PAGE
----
In 2009, for example, the Dutch unit collected 101.5 million Euros in royalties from around the world — and promptly paid out 98.7 percent of that to the Cayman subsidiary, records show. If those payments went directly from, say, Yahoo’s France sales arm to the Cayman unit, they could trigger a 33.3 percent withholding tax in France. In 2011, a Yahoo French sales subsidiary reported 66 million Euros of revenue, yet paid just 462,665 Euros in income taxes, records show.
Yahoo recently introduced another circuitous path through the Netherlands to cut the taxes on profits from its Asian sales: Royalties travel from Singapore, to another subsidiary in Mauritius, a tax-friendly island off the southeast coast of Africa. In 2011, the Dutch unit collected 110 million Euros from Asian sales, before paying royalties to the Mauritius subsidiary. On paper, the cash remains with the Dutch subsidiary, which uses it to finance operations throughout the world outside the U.S. In reality, much of it sits in a HSBC Holdings Plc bank account in London.
On January 20 2013, a Dutch parliamentary committee met to consider the fairness of its own tax system and re-evaluate its role as part of a legal financial chain that allows companies to reduce the amount of tax they pay. Last month, the European Commission recommended that EU members require in their treaties that income be subject to tax in one country before being exempt in another. That could prevent companies such as Dell from avoiding taxes in two countries simultaneously. Another EU proposal to combat tax-avoidance strategies has moved slowly through the bureaucracy since 2004. It would allocate multinational companies’ taxable profits into various countries based on factors such as actual sales or number of employees there.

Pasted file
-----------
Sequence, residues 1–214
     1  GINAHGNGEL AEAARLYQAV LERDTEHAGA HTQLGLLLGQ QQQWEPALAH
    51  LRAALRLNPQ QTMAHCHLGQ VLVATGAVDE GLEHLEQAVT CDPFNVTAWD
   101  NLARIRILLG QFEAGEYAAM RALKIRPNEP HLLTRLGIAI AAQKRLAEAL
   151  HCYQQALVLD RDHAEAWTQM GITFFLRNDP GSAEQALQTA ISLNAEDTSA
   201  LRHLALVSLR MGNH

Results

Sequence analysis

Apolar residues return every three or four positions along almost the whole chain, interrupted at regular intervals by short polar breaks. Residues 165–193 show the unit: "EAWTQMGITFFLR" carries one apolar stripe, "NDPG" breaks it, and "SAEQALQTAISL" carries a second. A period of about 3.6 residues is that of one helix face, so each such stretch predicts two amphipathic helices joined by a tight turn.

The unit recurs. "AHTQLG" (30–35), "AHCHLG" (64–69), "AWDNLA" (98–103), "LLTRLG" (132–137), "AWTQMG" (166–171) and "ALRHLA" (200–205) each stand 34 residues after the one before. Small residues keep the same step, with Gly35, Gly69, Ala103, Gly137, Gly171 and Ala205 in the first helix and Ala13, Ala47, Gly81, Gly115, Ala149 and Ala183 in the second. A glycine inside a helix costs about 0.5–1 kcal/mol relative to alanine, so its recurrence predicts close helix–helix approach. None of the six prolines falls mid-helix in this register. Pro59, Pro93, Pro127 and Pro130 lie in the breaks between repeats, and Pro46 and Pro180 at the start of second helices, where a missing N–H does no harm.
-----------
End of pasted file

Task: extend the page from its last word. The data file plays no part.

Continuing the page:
Whether the EU can implement such a change, remains doubtful. Under its rules, the move requires unanimous approval from the 27 member states, including the Netherlands. Last year, representatives from the Netherlands fought at least two internal EU proposals to clamp down on tax avoidance techniques. Other European countries are competing to attract multinational companies with tax inducements. Luxembourg has imitated the Dutch system of conduit companies and advance tax rulings, and Switzerland offers long-term tax holidays and other incentives.
Sources: Wiki, Bloomberg.